In a meeting to explain the acquisition of FT to employees held in April 1st, Mr. Okada stated the contents of English-written Nikkei Asia Review (“NAR”), which is running 1 billion yen deficit, will be utilized in FT.com, an internet version. FT’s know-how on seminars will be co-promoted in Asia, and FT will be promoted in Nikkei marketing channel inside Japan. Synergy effect with NAR and FT is apparently limited in Asia, but he cannot shut down NAR, as it is his beloved brainchild. Nikkei will send FT an editorial board member with quarter century experience, and he is expected to write editorials. At the same time, further M&A will be pored jointly, and in Singapore, Nikkei and FT already cohabiting in a same office. But, we hear one Nikkei director stayed in FT, was doing nothing but playing golfs. As a result of winning lawsuit against Shukan Bunshun, a weekly tabloid magazine, the questionable female desk who had affairs with the top, was promoted to be the general manager of the Economics Department, starting April. On the other hand, managers implicitly tightened grips to employees by ordering “not to talk outsiders on the FT”.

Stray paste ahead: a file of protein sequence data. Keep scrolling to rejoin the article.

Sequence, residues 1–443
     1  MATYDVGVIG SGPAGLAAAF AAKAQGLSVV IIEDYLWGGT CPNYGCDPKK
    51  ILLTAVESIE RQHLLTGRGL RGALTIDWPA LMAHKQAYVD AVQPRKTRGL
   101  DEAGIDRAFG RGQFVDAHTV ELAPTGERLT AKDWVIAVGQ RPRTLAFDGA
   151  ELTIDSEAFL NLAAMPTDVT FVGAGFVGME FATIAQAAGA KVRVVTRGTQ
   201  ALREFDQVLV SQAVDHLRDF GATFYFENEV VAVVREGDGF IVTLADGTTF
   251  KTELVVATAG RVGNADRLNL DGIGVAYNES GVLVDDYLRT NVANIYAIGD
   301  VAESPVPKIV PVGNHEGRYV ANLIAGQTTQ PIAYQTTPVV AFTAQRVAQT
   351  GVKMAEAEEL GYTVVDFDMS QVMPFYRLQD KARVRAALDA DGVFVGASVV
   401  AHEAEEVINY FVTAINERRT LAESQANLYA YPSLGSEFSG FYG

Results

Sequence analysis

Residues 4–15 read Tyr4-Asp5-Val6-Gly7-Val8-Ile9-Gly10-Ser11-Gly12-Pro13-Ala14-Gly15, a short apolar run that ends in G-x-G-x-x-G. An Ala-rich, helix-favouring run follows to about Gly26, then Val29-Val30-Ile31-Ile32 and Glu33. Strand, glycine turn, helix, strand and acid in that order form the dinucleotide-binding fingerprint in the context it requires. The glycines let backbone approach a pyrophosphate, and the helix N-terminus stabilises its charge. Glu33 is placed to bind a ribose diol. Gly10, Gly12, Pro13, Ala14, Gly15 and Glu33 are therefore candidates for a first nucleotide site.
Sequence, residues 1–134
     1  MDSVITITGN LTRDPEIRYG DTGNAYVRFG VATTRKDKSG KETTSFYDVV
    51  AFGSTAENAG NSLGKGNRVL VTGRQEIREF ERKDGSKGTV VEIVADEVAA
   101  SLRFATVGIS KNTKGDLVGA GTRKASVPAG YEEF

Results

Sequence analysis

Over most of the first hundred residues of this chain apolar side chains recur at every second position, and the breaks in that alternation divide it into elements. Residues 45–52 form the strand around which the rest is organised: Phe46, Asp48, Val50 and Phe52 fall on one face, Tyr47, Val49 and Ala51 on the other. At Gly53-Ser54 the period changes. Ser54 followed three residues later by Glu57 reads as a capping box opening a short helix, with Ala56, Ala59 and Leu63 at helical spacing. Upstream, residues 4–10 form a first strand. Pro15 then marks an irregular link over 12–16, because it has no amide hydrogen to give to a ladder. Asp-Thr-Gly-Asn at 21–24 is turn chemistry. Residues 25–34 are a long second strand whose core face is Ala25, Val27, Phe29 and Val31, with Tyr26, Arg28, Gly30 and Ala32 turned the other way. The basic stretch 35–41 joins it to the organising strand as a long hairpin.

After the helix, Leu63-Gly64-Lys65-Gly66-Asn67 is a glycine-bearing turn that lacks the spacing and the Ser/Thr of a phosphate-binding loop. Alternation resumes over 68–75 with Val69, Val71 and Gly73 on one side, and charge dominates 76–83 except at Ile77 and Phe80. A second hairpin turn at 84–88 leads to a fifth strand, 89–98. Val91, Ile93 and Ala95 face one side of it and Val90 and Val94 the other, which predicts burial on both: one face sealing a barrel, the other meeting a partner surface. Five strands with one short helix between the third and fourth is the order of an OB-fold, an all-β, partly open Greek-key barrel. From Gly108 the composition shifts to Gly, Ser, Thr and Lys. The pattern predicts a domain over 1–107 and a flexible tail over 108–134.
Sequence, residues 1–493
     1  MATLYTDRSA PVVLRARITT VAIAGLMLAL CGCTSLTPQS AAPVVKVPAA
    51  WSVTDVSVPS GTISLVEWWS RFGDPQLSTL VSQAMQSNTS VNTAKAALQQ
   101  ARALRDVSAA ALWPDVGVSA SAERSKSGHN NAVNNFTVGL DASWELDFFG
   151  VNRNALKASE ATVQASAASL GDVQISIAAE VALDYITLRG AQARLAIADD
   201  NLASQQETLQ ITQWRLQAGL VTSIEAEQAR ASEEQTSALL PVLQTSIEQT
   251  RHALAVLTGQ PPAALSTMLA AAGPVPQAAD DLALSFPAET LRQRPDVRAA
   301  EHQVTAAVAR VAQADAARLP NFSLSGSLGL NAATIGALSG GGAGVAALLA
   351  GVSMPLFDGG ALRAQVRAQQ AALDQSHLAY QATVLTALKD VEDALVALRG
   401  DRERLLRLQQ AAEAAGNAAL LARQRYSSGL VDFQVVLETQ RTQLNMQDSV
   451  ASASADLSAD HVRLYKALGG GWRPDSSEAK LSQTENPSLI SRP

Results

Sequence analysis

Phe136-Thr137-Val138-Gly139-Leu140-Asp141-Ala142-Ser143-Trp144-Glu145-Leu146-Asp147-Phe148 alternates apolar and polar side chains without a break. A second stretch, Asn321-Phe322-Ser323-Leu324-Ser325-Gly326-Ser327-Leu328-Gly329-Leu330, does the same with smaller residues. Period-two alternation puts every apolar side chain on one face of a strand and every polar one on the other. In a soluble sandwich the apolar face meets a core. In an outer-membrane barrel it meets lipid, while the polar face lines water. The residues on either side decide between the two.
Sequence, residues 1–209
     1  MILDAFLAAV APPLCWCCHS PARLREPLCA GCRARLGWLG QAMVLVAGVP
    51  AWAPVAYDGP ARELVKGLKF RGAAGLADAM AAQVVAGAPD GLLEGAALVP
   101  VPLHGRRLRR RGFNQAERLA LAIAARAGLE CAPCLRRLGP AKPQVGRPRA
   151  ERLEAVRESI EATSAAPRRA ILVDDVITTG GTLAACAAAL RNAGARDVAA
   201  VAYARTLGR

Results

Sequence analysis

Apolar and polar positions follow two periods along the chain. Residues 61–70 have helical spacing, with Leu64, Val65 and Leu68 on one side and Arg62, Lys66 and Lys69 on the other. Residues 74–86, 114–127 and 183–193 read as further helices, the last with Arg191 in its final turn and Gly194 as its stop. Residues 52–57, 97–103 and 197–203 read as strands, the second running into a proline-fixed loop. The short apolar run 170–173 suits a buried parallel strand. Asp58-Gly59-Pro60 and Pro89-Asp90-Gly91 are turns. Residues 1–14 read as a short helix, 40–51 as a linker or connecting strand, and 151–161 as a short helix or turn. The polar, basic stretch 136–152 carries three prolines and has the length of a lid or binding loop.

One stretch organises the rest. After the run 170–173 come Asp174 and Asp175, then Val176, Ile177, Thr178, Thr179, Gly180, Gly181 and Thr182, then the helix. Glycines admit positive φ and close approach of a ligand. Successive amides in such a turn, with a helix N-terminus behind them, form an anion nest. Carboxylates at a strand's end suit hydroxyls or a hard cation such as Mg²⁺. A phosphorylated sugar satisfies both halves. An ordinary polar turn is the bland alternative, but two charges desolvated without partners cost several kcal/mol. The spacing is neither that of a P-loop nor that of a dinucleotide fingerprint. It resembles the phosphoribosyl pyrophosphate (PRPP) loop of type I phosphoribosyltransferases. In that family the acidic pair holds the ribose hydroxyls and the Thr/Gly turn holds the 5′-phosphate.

Yet, when FT knows what’s inside of Nikkei’s purse, the honeymoon period may get short. Some rumor by insiders had it: “Nikkei may adopt IFRS to avoid goodwill write-off”, or “It might sell FT in half the price in 3 years”……….